You may have first hand experience of working within the industry or your partner, friend or family may have been involved. Maybe you know someone who was a welder, a cutlery maker or worked in the steel mills? We want to hear your stories…
Artist Nicola Ellis is currently developing techniques within welding and steel fabrication, to create a series of new art works. Interested in the culture surrounding the steel industry, welding and bespoke production, she aims to encourage discussion between those who are central to, or on the periphery of this culture, past or present. This will enable Ellis to learn from your individual experiences whilst uncovering common ground between visitors at the event.
Sheffield is a place brimming with manufacturing, so if you are not involved in the steel industry but have connections to industrial or bespoke manufacturing, we would like to meet you too. The results of the conversations on 20 June 2015 will be drawn together and used to not only help the artist develop new work but also help her understand where she fits within the wider context of industry and steel fabrication.
The event is free to attend and refreshments will be provided. For further information please contact firstname.lastname@example.org.
The event takes place as part of One Great Workshop, part of the Arts and Humanities Research Council (AHRC) Connected Communities Programme and Sheffield Design Week.
More room for error is a touring exhibition of new works by artist Nicola Ellis examining the physical join between objects and the space they inhabit. Commissioned and curated by Mark Devereux Projects, the project will visit Arcadecardiff (Cardiff), &Model (Leeds) and Bloc Projects (Sheffield) in 2015. More room for error looks at the purity and constructs of what is so often intentionally hidden. Exposing the weld or stitch between materials and intentionally highlighting the imperfections of this process, raises underlying tension and questioning over the object’s place within space.
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Nicola Ellis graduated from the Manchester School of Art in 2011 with an MA in Fine Art. Her work recently featured in exhibitions including You won’t see that bit anyway (solo exhibition), 20-21 Visual Arts Centre, Scunthorpe, UK, (2014); Head to Head: Nicola Ellis and Aura Satz, Castlefield Gallery, Manchester, UK (2013); Part of the Programme, FAFA Gallery, Helsinki (2012); and Cabedal, Plataforma Revolver, Lisbon (2012). Nicola Ellis is Supported by Mark Devereux Projects.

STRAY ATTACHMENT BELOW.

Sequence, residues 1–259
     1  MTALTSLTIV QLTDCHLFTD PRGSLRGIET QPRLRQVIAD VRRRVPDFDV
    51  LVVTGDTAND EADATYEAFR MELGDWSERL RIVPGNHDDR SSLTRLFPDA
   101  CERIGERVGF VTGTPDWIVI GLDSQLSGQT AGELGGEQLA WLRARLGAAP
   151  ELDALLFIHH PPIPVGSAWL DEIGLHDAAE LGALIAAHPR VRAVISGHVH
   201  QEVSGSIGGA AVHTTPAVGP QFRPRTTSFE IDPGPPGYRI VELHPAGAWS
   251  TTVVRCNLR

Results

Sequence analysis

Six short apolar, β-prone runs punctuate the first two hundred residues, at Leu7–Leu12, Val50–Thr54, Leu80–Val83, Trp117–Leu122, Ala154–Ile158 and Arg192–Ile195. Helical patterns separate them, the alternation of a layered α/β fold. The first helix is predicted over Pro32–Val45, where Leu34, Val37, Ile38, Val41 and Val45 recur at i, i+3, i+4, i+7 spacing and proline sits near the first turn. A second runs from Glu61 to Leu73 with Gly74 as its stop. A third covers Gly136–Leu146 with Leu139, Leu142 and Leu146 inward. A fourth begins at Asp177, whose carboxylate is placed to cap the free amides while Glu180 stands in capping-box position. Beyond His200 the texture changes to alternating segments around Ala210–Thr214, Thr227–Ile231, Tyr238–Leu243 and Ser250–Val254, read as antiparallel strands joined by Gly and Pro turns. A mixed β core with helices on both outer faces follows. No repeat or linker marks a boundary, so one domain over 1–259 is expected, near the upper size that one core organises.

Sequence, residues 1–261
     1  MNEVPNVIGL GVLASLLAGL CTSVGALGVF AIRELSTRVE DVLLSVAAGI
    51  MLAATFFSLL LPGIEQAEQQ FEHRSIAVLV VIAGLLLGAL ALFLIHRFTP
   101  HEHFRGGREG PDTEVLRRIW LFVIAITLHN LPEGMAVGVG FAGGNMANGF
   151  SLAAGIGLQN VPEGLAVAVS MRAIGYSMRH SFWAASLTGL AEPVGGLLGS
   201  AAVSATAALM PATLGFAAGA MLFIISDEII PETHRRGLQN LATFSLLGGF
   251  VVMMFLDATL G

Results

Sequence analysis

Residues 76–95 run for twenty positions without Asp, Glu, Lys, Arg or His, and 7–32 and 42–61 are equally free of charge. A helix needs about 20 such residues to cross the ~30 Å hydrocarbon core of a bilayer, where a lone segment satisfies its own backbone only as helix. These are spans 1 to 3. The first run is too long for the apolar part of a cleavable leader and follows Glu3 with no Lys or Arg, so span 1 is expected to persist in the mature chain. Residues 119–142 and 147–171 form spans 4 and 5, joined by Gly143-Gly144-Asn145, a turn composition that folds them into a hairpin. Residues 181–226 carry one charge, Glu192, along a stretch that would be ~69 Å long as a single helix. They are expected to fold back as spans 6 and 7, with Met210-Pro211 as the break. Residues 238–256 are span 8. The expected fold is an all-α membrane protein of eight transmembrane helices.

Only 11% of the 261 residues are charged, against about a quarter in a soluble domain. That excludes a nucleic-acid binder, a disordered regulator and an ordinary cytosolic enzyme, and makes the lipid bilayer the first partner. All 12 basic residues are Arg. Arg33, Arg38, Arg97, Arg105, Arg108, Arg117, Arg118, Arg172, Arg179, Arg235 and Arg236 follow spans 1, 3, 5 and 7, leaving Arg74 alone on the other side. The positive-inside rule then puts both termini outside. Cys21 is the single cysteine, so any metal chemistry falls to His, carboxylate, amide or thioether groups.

Mark Devereux Projects supports visual artists through mentoring, critical dialogue and curatorial production. Each practitioner’s artistic and career development is paramount, as the organisation provides bespoke guidance, information and opportunities. Our vision is to increase the provision for bespoke support to visual artists during the transition from early to mid-career. We do this in two ways: by working on long-term professional development and production projects through our funded Supported Artists programme; and by providing one-to-one mentoring, critical dialogue and exhibition opportunities within our open MDP Associates programme. Through collaboration from external partners and individuals, Mark Devereux Projects aims to bring artists, galleries, collectors and audiences closer.
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Find out more about the One Great Workshop exhibition, events programme, partners and funders here.